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Disruptive and dangerous behaviour by patients on acute psychiatric wards in three European centres

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The disturbed behaviour of acute in-patients can have serious consequences, and methods of management are contentious and vary between countries. Little is known about this variation and its relationship to the characteristics of in-patient populations.


The aim of this study was to compare rates and patterns of disturbed behaviours and containment methods in acute psychiatric wards in three centres in the United Kingdom, Italy and Greece.


A retrospective survey of medical and nursing records (n=838) at seven hospitals for the first 2 weeks of patients' admissions was done using a structured data collection tool.


Nearly all types of disruptive behaviour varied by centre, with rates being generally higher in the UK and lowest in Italy. Specific relationships between different behaviours were replicated across all three centres. Ethnic minority patients were more likely to be subject to containment measures in all centres, even when their behaviours did not differ from the majority. Rates of containment method use were only partially related to the frequency of disturbed behaviour.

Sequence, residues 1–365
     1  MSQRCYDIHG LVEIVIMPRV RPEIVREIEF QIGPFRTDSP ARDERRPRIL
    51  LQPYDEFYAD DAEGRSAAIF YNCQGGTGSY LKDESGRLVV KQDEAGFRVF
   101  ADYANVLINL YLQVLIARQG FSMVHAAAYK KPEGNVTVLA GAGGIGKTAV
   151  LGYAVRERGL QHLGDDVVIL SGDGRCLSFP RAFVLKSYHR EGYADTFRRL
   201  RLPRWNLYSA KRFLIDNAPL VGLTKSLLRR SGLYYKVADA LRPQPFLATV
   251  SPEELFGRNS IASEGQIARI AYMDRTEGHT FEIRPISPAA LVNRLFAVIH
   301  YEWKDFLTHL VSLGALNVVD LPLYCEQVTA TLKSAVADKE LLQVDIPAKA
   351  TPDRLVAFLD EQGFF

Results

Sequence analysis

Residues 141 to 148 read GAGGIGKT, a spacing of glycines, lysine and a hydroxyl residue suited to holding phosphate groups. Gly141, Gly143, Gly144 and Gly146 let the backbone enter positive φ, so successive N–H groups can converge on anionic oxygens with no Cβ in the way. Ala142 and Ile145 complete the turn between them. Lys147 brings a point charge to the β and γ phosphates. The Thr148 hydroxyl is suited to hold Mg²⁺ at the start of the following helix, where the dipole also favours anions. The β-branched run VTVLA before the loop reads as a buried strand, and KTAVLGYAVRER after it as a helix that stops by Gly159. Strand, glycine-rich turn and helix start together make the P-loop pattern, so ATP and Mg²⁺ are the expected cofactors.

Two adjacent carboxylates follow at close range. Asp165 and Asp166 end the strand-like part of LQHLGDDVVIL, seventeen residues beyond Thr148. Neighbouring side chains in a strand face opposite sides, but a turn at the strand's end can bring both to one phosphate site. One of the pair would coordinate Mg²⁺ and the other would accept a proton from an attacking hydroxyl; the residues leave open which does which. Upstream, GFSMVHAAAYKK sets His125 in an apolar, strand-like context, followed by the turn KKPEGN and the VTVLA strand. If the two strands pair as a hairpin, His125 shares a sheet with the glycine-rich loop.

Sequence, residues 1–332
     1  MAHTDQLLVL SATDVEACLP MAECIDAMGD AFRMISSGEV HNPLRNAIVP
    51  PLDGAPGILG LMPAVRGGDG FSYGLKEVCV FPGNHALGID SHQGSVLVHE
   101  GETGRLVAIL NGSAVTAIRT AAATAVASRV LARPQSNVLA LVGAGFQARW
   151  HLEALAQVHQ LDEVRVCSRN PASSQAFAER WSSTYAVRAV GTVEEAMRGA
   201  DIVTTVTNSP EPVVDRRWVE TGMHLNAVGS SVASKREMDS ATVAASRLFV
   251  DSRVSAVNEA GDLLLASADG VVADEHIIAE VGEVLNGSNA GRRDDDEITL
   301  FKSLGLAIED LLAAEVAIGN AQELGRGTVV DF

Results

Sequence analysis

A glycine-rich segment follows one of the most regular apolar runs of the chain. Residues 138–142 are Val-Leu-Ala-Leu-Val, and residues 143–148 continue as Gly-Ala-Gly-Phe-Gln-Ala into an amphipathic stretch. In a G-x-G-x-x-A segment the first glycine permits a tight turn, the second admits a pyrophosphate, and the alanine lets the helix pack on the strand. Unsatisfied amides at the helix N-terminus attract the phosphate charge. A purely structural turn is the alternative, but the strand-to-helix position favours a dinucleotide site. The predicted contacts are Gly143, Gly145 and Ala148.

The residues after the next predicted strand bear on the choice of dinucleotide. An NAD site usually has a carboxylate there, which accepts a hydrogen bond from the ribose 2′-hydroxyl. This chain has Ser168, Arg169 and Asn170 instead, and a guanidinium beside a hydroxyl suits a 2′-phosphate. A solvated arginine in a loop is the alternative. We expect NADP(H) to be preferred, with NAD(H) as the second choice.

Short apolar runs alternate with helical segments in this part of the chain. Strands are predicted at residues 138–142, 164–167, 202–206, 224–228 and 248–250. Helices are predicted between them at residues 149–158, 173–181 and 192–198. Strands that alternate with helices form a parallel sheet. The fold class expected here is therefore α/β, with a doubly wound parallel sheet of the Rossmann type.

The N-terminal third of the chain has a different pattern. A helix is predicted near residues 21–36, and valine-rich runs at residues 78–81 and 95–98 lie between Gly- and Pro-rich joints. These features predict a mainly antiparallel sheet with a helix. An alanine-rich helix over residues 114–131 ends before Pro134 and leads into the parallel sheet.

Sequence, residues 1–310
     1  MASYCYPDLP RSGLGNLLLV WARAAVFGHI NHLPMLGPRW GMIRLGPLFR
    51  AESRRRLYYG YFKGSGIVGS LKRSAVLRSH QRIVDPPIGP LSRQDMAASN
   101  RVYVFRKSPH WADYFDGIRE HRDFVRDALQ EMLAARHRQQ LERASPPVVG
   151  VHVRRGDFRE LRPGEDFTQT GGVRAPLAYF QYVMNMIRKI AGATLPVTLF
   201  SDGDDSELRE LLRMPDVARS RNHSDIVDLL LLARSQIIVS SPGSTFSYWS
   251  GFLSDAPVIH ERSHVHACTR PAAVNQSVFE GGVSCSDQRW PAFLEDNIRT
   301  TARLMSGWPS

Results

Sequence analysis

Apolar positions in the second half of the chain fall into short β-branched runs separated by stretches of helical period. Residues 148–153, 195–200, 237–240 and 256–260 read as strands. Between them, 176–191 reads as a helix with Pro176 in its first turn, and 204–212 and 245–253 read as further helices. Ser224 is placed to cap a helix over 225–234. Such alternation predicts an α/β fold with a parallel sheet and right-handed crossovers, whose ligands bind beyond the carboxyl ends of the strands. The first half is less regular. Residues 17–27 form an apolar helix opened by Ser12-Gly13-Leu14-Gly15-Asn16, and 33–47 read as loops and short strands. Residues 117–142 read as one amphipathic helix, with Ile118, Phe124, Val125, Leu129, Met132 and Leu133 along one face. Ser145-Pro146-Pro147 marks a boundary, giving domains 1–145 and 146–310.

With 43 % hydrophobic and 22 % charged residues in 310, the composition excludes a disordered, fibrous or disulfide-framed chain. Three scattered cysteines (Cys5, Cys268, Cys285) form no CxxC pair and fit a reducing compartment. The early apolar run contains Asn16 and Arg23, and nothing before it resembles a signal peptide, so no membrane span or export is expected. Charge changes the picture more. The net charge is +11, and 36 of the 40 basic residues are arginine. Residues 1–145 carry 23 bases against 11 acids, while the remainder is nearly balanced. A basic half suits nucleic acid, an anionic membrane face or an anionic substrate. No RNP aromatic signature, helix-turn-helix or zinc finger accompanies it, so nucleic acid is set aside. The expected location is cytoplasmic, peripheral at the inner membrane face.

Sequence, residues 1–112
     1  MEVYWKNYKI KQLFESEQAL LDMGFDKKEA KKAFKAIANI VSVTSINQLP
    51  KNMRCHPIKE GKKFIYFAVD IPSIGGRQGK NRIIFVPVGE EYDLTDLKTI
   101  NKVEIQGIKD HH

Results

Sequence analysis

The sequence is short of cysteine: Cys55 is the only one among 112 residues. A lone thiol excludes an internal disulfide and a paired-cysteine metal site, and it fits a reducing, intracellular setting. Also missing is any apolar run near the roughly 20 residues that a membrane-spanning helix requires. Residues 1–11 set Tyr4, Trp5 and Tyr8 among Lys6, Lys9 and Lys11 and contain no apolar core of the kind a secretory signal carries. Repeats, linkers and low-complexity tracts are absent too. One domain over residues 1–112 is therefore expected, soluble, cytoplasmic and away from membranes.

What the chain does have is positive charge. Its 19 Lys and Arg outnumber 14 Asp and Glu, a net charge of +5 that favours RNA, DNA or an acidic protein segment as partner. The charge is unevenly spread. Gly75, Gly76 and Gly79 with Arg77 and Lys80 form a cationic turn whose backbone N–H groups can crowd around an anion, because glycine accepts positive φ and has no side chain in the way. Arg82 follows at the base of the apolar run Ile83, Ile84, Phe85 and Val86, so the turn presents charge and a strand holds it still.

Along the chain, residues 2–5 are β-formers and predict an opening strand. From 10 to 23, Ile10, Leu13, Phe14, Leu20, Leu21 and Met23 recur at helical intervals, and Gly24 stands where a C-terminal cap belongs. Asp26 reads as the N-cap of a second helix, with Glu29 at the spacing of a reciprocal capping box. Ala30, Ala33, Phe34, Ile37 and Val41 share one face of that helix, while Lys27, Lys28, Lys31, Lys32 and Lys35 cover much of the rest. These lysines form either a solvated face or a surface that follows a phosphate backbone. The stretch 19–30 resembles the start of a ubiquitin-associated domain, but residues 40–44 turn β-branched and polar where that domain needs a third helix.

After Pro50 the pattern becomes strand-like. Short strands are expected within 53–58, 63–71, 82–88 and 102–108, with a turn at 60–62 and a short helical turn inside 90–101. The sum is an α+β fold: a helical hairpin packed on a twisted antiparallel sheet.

More research is required to discover the efficacy of varying containment methods, with a view to minimising their use. Gross international and inter-hospital variation demands large samples rather than single site studies. Clinicians need to reflect upon containment rates that may be, in some places, excessive and incorrectly targeted.

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Correspondence to Len Bowers RMN, PhD.

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Bowers, L., Douzenis, A., Galeazzi, G.M. et al. Disruptive and dangerous behaviour by patients on acute psychiatric wards in three European centres. Soc Psychiat Epidemiol 40, 822–828 (2005).

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